MSU prof tackles stress
Posted: December 7, 2005

The State News

An MSU professor has been granted $1.8 million to spend researching stress stemming from work and family.

One of Professor Ellen Kossek's projects looks into these stresses, and another focuses on flexibility policies for unionized employees.

"What happens with grants is you don't expect two pretty big ones, because it's so hard to get one," said Kossek, a labor and industrial relations professor.

Kossek works with Leslie Hammer, a psychology professor at Portland State University in Oregon, on a $1.4-million project to research how stress from balancing home life and work affects people.

Oregon Health & Science University is also involved in the study.

The two professors, who previously worked together at national conferences, are using their specializations to uncover relationships between work-family stress, safety and health.

The project is based out of PSU's Center for Work-Family Stress, Safety and Health, but some of the research is being done at MSU.

The National Institute for Occupational Safety and Health is funding the three-year project.

Work-family stress or conflicts occur when the strain of one role affects the other, Kossek said. For example, it happens when someone has to work overtime and miss a child's birthday party, or miss work because the baby sitter didn't show up.

This stress can not only cause health problems, but also create safety issues, Hammer said. Work-related injuries might happen because workers are preoccupied, worrying about how they're going to balance work and family issues.

The professors chose to study employees and supervisors at grocery stores around the country because "those are some of the least family-friendly jobs," Kossek said.

She added that they hope to find better ways to handle work-family stress.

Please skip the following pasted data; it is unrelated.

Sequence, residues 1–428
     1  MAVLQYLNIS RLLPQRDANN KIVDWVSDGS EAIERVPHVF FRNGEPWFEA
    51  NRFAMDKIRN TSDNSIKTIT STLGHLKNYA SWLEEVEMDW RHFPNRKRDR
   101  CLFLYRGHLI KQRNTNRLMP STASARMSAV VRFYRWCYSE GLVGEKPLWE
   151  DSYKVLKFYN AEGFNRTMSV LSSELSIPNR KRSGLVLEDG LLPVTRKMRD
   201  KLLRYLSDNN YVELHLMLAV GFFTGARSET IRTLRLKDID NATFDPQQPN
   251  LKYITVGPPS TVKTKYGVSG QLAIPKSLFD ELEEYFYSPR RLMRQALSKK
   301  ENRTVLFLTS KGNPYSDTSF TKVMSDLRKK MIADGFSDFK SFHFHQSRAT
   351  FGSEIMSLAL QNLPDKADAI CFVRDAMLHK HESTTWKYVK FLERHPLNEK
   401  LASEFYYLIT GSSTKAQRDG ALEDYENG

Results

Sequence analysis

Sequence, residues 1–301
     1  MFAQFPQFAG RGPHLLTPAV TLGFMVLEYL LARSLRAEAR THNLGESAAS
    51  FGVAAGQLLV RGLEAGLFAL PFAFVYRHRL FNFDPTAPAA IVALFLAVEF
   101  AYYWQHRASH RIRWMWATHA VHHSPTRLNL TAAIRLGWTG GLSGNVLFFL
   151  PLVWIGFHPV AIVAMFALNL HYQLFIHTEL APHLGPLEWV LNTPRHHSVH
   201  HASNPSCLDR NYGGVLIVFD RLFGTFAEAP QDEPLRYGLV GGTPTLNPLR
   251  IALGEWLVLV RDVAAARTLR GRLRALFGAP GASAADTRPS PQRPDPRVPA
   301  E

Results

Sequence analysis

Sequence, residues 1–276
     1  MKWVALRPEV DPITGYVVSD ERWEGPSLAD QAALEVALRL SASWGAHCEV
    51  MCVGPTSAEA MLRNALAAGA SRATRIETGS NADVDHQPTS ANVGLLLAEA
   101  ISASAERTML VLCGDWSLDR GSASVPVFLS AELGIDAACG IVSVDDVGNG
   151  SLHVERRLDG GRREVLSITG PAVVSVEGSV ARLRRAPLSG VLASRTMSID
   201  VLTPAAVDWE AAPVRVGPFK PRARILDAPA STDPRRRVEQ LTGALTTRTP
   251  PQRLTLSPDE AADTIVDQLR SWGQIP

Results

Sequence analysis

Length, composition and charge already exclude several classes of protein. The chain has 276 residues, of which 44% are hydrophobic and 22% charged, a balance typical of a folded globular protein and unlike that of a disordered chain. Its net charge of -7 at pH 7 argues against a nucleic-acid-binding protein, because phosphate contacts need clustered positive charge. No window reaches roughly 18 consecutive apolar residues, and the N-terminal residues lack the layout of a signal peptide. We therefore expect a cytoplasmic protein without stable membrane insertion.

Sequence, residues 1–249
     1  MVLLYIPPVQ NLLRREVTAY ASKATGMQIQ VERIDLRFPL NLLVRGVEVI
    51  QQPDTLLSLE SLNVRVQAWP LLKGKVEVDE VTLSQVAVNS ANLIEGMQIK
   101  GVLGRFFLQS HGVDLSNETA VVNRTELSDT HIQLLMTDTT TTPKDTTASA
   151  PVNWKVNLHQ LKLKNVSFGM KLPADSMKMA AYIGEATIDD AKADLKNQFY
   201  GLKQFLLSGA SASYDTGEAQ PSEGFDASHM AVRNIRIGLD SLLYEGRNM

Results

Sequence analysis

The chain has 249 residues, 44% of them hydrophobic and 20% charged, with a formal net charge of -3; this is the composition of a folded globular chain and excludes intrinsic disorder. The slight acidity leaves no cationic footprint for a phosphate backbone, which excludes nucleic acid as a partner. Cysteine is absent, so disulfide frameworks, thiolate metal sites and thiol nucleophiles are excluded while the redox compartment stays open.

"We would like to develop supervisory training to help them understand how to be more sensitive to workers' work-family needs, and to help them communicate better to workers," Hammer said.

Hammer and Kossek have held focus groups with employees and supervisors at the stores, and plan to conduct surveys and experiments.

Kossek's other project involves a $400,000 grant from the Alfred P. Sloan Foundation to research flexibility for unionized workers.

Flexibility policies can involve scheduling, working from home and working less than full-time, said Peter Berg, a labor and industrial relations associate professor who is working with Kossek on the two-year grant.

"We're hoping to find out what behaviors and practices by unions and management lead to positive experiences for workers, and at the same time, help companies," Berg said, adding that he plans to create training materials to help supervisors and union representatives make flexibility policies work better.

There has been research on such policies in the workplace, but not on what effect unions might have on them, he said.

"Does having union representation make a difference in your experience in flexibility?" Berg said.

Berg and Kossek will interview and survey workers in three labor unions, including the United Auto Workers.